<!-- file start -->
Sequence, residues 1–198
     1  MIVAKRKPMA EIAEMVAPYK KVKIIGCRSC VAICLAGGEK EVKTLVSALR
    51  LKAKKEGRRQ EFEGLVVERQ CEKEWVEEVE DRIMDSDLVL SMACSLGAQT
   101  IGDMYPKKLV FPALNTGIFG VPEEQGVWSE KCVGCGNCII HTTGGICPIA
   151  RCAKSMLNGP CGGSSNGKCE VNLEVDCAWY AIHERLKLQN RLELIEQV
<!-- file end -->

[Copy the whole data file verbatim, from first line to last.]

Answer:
Sequence, residues 1–198
     1  MIVAKRKPMA EIAEMVAPYK KVKIIGCRSC VAICLAGGEK EVKTLVSALR
    51  LKAKKEGRRQ EFEGLVVERQ CEKEWVEEVE DRIMDSDLVL SMACSLGAQT
   101  IGDMYPKKLV FPALNTGIFG VPEEQGVWSE KCVGCGNCII HTTGGICPIA
   151  RCAKSMLNGP CGGSSNGKCE VNLEVDCAWY AIHERLKLQN RLELIEQV